That brings us to Thomas’s first long-term encounter with high politics, in Thomas Wolsey’s service. He adored Wolsey, to the extent that after the cardinal’s fall he made a version of Wolsey’s coat of arms into his own heraldry: a brave and pointed thing to do when the late cardinal was a disgraced former minister. When Henry VIII dismissed Wolsey as Lord Chancellor, Cromwell did not desert him as so many did. He entered the king’s service without an official title, but in effect secretary ‘for Wolsey-related affairs’, doing his best to lessen the cardinal’s troubles.

That is a basis for rethinking Cromwell’s eight spectacular years in the king’s service. Historians right back to John Foxe in the 16th century have seen him as the firm ally of Henry’s second queen, Anne Boleyn, promoting the Reformation together. Contemporaries as well-informed as the Imperial Ambassador Eustace Chapuys said the same. Anne and Cromwell were indeed both enthusiasts for Protestant change, but we have to recognise the complicated reality of human relationships. Just because two people share an ideological conviction, they don’t necessarily like each other. If we peel back layers of hindsight, then a surprising story emerges. In the late 1520s, Anne grew to hate Cromwell’s beloved Wolsey, defining him as chief obstacle to her plans, and she was chief agent in ensuring Wolsey’s downfall in 1529-30. So when Cromwell adapted Wolsey’s heraldry, it was the most pointed and indiscreet gesture of defiance possible against the woman then soon to be Queen.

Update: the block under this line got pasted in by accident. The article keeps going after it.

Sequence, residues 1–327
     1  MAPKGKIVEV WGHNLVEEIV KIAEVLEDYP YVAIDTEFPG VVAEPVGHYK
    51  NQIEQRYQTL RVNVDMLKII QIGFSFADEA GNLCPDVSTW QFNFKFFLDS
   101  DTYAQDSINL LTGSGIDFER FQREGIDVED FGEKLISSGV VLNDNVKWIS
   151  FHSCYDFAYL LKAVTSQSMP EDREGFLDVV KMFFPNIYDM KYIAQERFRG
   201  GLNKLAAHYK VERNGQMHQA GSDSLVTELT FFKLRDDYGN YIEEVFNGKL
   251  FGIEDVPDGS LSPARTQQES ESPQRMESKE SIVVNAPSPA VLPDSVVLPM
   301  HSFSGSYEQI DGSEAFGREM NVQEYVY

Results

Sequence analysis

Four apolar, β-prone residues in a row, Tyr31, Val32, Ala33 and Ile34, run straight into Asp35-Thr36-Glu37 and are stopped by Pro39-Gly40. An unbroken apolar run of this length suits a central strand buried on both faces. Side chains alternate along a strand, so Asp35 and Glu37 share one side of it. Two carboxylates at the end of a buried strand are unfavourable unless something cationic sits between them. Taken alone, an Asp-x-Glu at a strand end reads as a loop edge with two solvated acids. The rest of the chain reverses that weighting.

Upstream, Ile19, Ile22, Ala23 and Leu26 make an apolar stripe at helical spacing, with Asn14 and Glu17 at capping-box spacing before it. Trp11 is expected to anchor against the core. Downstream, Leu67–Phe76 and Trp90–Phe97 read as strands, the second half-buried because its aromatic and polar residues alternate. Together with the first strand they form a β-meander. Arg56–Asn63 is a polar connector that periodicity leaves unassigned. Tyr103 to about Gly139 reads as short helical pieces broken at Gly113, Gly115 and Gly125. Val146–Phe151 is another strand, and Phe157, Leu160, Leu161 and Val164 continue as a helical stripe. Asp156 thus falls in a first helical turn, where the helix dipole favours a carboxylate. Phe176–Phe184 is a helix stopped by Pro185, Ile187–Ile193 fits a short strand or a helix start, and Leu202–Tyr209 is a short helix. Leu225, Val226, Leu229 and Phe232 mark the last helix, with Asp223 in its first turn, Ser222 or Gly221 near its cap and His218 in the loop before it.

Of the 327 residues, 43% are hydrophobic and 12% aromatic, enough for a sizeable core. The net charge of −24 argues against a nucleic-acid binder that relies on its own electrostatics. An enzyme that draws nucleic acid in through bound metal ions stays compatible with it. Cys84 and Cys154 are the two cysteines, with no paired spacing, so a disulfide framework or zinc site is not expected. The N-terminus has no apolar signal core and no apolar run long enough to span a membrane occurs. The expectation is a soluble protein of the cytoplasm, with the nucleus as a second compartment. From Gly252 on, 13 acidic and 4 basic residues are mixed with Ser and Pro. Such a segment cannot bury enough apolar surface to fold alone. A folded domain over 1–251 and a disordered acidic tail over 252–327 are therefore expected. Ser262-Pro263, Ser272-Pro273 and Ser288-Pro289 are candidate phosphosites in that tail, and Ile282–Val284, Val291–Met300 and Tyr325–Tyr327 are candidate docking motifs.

Cromwell was introduced to the king’s service by Wolsey’s friends and Anne’s enemies. There is no evidence at all of warmth between minister and queen, and she was probably responsible for slowing Cromwell’s further progress into royal service rather than furthering it in the early 1530s. His eventual lead in her disgrace and execution in 1536 is not surprising. Not only did Cromwell steer the moves, but they were dependent on him making quiet political overtures to the king’s daughter Mary. Again you might not expect that, seeing as this 20-year-old went on to be Catholic Queen Mary two decades later; but Thomas and Mary got on extremely well, and she was probably godmother to Cromwell’s grandson. Of course conservatives at court enthusiastically joined in Anne’s destruction in 1536 and had great hopes for its consequences, as did every Catholic in the land and beyond. Yet they were disappointed, and it was in the interest of later Protestant historians to smooth over the problematic relationship between the two heroes of early Protestant Reformation.